This one is nearly a month old, but it got put on the back-burner once I went into full SP guide mode there in early-to-mid February, so in case you missed Jon Weisman’s look at the upcoming “Moneyball” movie, I suggest you take a read. I have been in the minority with him in that I have been very excited about the movie from the moment I heard it was being made. It’s gone through a lot, but I think it can be good. I hadn’t thought of the links to a very popular 2010 movie that Weisman mentions in the piece. I’d love to see it emulate the success of that film, but even if it doesn’t I think it can be a success in its own right.
One of the best guys over at CBS as far as I’m concerned is Al Melchior. He’s definitely a stats-heavy guy which is something I inherently lean toward (though he favors taking pitching relatively early so we disagree heavily there), but also the interactive graphics used in his pieces at CBS are fantastic. The latest is one on positional scarcity and it has a really fun chart to play with at the bottom. Al is part of the CBS podcasts, too and they just recently finished their positional previews. They have moved onto Sleepers and Breakouts. I’d presume that a Busts episode is next as each of the positional podcasts had a Sleepers, Breakouts and Busts portion within it.
One of my favorite things of the fantasy preseason is articles where industry members participate in a mock and then do a write up on their team with the thought process behind each pick. I find them more helpful than just seeing a list of where everyone went. In fact, I find the latter next to useless as the flow of a draft, while not as dynamic as that of an auction, is still dynamic nonetheless and it’s hard to get a feel for why things happened without some commentary. Cory Schwartz participated in a mock picking from the 9-spot and breaks down his draft for us.
Come Chat Tonight: I am still planning on a hosting a chat here at paulsporer.com soon, but tonight I will be chatting at Rotojunkie at 7 PM Eastern. It will have a pitcher tilt to it of course, but as with my first chat here at the site, I will answer anything fantasy baseball-related.
Baseball Apps: Need to get your iPhone and iPad baseball ready for the season? Take a look at these baseball apps that should get you well equipped to enjoy the season on the go.
You’ve No Doubt Seen This: But just in case, the baseball fan flowchart is a funny image floating around the blogosphere and Twitterverse.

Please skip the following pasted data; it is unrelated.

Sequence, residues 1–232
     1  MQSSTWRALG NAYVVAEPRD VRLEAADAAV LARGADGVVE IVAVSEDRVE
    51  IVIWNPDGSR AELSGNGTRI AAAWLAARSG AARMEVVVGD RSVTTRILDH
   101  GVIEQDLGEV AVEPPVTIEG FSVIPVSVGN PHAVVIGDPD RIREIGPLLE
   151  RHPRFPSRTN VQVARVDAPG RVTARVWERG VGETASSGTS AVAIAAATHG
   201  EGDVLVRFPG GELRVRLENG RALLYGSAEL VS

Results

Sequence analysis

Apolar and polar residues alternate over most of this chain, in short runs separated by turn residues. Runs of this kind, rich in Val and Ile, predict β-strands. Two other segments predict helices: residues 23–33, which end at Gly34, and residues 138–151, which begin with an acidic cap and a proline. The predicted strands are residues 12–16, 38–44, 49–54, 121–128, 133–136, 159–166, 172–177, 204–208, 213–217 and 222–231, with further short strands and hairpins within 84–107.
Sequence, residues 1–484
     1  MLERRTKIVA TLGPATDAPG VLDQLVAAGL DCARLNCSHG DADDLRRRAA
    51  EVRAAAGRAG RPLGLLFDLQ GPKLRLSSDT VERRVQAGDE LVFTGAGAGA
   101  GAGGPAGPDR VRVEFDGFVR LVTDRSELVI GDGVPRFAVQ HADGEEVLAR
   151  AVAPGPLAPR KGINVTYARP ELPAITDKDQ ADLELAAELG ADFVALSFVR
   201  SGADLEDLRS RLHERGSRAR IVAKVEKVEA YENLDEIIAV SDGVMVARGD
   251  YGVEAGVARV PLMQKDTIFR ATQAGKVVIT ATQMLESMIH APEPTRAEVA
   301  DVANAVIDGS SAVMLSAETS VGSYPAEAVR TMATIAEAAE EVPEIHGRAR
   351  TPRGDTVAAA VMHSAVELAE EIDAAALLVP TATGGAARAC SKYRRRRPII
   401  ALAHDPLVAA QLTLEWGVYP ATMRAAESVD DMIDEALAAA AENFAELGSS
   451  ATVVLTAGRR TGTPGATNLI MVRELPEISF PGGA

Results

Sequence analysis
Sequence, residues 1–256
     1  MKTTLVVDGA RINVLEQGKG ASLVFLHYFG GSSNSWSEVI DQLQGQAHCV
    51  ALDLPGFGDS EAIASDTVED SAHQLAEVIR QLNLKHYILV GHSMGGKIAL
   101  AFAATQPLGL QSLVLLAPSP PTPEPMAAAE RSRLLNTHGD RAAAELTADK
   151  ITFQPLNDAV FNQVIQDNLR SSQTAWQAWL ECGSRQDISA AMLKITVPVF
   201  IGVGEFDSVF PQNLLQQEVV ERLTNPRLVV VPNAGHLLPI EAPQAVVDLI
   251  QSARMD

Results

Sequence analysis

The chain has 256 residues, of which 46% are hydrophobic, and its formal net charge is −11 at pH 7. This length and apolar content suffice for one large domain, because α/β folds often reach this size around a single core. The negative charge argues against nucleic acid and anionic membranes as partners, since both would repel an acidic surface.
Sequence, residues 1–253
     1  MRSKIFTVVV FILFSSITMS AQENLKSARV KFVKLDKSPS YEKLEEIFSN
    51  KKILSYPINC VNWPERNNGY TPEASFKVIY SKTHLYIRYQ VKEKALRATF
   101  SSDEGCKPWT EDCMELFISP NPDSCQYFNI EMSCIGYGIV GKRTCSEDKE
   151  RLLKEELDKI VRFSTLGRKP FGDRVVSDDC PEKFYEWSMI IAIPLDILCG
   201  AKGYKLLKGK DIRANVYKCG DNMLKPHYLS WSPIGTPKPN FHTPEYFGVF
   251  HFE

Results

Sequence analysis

Remember When… …Lance Johnson was a triples machine? From 1991-1996, Johnson led the league in triples for five of six seasons and hit 12 in the off year (1995, when he had an absurd power surge with 10 HR after never topping 3 before). I was upset when he left the AL before the 1996 season (10 team AL-Only league) because he had a career year including 50 stolen bases, 117 runs scored, .333 average and 69 RBIs, all career highs. His nine homers were close to a career high.
It’s purely coincidental that the first two of these segments happen to be about Chicago White Sox, but “One Dog” was a key cog of my early fantasy teams (probably explains why I didn’t win any titles as a kid) and again because I watched a lot of WGN when the Tigers weren’t on, I was very familiar with Johnson and the Sox.
Despite playing three fewer seasons, Johnson has one more career triple than Kenny Lofton (117 to 116). I found that pretty surprising, but Lofton only had two double-digit seasons in triples and they were 11 years apart (league-high 13 in ’95 and then 12 in ’06). Of course Lofton has nearly twice as many stolen bases (622/327), nearly four times as many home runs (130/34) and had a significantly higher success rate on the base paths (80%/76%), though both were really good.
Knowledge Bomb: Here is an absurd statistic from Mike Axisa about Hall of Famer Greg Maddux. Absurd might even be an understatement. It’s just unfathomably great. Are you ready for this? You may have already seen it, but it resonates even on second and third viewing:
As Scott Van Pelt & Ryen Russillo say on their radio show, “let that soak in your mentals for a minute”. That’s so amazing. Only another 160 saw a 2-0 count. Maddux was just not a fan of getting behind. He only retired in 2008 so he is still a few years from getting on the Hall of Fame ballot and while it’s already a joke, the HoF voters would thoroughly embarrass themselves yet again if they made Maddux sit through another round of voting instead of putting him in on the first ballot.